Hello Andrew, Welsh Dragon edit by STiki Earlier yesterday evening I noticed a Welsh Dragon edit by STiki. I investigated your article page – and this page ... liked your idea ... downloaded, and ... nothing! Where/how will it show up on my computer? ... how do I access STiki? What should I do next? Your assistance would be much appreciated. King regards,Gareth Griffith-Jones (talk) 11:55, 14 April 2012 (UTC)

Hi Gareth, If you click the download link on wp:STiki then it will download a STiki_exec_2012_04_12.zip file into your download folder (or your download directory) you can see the download history of your browser (in tools or options) Goto that folder unzip the File STiki_exec_2012_04_11.zip and double click on the file STiki_2012_04_12.jar , this will start the Stiki application, rest is self explanatory, regards -- ÐℬigXЯaɣ 12:14, 14 April 2012 (UTC)
Hi Gareth. Everything DBigXray said above is accurate. You'll need to have Java installed on your machine for STiki to work, but this is a pretty normal package that you are likely to already have. Let us know if you have any problems and happy editing! Thanks, West.andrew.g (talk) 15:45, 14 April 2012 (UTC)

Better way to promote Stiki

See stiki talk page.--Deathlaser (talk) 17:03, 16 April 2012 (UTC)

Meta feed thoughts

I was thinking about the idea of a "meta" queue combining data from, say, the Cluebot-NG and STiki (metadata) queues. The most obvious form of such is to take the Cluebot-NG feed and check to see if its output also falls afoul of the STiki (metadata) detection system (using current thresholds or, if need be for getting some output if the two mechanisms should not intersect very much in their output, more relaxed ones). This idea is obvious enough that I'm sure you've thought of it. As a modification of it, I suggest having a fusion as follows:

  • 50% of the time, use the above double-filtered system.
  • 25% of the time, use the Cluebot-NG feed.
  • 25% of the time, use the STiki (metadata) queue.

The advantages of this are as follows (there may be others):

  • It keeps gathering data usable for improving the STiki (metadata) algorithm (including coming up with a better version for filtering the Cluebot-NG feed, if adjustments to its parameters for this purpose are needed).
  • The output will be false positives sufficiently often that people won't be just madly clicking "vandalism".
  • If the double-filtered system isn't outputting sufficiently many cases (is too stringent), it can just fall back to more frequently doing a mixture of the Cluebot-NG and STiki (metadata) queues.

Your thoughts? Allens (talk | contribs) 10:52, 1 April 2012 (UTC)

As I just mentioned over at STiki talk, the plan is for a "true" meta-queue that integrates features from all systems into a single ML model. This could be done at the feature level (again, see our CICLing 2011 paper), or by applying something similar over just the 3 output scores. We need an agreed corpus to get this done (and the CBNG folks don't like the corpus that the academics use, thus they have taken to creating their own). That seems to be a major hang-up. Thanks, West.andrew.g (talk) 01:19, 18 April 2012 (UTC)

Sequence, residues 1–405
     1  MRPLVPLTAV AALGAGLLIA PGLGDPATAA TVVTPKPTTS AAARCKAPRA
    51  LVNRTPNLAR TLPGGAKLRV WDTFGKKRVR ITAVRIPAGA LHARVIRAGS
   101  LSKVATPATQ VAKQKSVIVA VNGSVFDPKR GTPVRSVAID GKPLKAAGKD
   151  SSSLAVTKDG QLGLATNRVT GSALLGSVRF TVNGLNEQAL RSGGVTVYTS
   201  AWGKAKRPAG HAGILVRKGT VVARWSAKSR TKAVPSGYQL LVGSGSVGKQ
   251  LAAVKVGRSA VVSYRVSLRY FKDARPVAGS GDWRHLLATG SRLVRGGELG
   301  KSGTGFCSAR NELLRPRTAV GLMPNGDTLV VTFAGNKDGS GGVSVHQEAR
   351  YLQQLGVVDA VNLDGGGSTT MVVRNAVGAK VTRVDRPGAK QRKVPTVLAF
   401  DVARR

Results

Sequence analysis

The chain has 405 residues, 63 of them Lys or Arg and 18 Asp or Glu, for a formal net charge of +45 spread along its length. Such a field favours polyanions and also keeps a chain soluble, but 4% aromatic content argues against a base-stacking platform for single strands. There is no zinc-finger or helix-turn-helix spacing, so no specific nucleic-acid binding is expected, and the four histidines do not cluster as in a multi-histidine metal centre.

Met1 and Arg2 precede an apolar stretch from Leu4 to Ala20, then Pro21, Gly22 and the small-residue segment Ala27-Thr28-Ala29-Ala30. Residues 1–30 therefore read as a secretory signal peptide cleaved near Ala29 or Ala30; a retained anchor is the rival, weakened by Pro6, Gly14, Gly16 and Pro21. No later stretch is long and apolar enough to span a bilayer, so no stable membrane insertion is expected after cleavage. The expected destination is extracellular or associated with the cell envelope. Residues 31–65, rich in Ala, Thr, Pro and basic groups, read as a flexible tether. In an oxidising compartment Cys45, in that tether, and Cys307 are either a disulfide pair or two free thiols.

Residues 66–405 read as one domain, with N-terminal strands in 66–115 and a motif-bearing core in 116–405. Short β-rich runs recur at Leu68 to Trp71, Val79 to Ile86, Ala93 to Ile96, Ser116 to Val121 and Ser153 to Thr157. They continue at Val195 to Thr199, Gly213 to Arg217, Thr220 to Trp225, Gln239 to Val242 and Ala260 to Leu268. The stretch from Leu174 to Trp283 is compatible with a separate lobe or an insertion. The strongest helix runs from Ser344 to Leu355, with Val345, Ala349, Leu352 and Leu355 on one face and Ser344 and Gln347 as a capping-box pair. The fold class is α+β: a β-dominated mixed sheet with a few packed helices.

It might be possible for at least the STiki metadata features to be used with the corpus used to create CBNG. That would enable creating at least two meta queues: one combining CBNG and STiki/metadata, and the other combining the non-CBNG queues. Those two could then be combined by the above means, at least temporarily. (By "falls afoul" in the above, I'm meaning "is more likely to be vandalism/spam/whatever than the average entry in the database", incidentally. The resulting queue could be ordered by the maximum spam probability between the two meta-queues.) I have encouraged the CBNG people to get together with you regarding databases, incidentally - I've also done some assisting with classifying their database. Allens (talk | contribs) 17:18, 19 April 2012 (UTC)

STiki Collaborator Request

You mentioned in your post on my talk page that you are looking for collaborators, I would be happy to help! -Mcfar54

I, too, would like to help, but I know next-to-nothing about computer programming. Allen (Morriswa) (talk) 01:53, 12 April 2012 (UTC)
Hello to you both (and anyone else who appears here). As I mentioned in my previous post, I'm looking for someone who can help me manage the non-technical aspects of the STiki project. This would include:
  • Issuing barn-stars to STiki users when they reach milestone edits (aiding user retention).
  • Being a talk-page watcher; combined with a general understanding of how STiki works
  • Drumming up support/advertisement in non-spammy ways (I mentioned WP:Banner)
  • Monitoring STiki users for signs of abuse (and trying to correct it)
  • Your own creative ideas about how STiki can improve its reach/experience/etc.
Ideally, I'd like to find 1 or 2 experienced individuals who are willing to get on-board for some period of time. I can provide database reports, advice, and anything else I have at my disposal -- but I'd like the person to be largely independent in their work. I don't have much to offer in return (maybe an offical "title"?) but it could be good experience for an editor. Interested parties, let me know! Thanks, West.andrew.g (talk) 03:42, 12 April 2012 (UTC)